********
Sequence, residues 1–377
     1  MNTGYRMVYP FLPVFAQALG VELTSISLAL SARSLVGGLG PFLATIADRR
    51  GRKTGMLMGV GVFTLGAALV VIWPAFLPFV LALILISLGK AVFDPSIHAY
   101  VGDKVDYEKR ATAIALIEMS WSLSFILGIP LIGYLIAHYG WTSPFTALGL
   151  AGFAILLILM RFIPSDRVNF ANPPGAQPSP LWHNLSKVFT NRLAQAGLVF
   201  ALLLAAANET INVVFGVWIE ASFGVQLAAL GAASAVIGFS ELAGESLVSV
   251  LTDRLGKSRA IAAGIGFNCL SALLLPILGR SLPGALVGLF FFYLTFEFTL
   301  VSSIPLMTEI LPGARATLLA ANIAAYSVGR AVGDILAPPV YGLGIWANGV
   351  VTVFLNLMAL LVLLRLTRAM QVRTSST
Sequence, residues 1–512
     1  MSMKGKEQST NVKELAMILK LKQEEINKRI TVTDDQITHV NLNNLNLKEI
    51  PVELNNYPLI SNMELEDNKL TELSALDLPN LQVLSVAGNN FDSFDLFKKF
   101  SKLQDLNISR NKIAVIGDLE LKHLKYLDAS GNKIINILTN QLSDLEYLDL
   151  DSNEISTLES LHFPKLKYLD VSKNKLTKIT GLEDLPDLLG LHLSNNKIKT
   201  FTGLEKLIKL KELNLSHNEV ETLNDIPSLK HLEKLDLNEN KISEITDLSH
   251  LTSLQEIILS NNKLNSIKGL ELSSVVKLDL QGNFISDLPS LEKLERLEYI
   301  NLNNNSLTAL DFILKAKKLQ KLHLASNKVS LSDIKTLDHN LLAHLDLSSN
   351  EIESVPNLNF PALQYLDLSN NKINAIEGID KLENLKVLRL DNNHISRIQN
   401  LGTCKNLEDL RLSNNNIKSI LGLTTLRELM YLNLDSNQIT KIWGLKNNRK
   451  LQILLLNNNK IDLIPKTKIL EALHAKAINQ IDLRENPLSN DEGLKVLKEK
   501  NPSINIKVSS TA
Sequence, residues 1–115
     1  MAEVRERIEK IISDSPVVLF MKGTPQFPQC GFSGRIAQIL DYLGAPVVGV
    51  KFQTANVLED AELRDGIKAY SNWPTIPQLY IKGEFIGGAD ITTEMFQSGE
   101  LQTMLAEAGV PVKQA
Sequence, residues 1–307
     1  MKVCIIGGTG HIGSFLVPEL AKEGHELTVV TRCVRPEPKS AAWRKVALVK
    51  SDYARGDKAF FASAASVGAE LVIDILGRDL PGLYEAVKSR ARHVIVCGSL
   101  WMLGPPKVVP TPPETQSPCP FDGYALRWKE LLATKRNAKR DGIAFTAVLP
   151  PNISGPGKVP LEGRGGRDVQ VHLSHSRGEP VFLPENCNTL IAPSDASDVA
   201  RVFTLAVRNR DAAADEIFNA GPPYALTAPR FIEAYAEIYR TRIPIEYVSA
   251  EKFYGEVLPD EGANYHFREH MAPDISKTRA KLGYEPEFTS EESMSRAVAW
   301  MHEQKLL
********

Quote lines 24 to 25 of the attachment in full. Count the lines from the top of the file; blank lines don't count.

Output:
    51  KFQTANVLED AELRDGIKAY SNWPTIPQLY IKGEFIGGAD ITTEMFQSGE
   101  LQTMLAEAGV PVKQA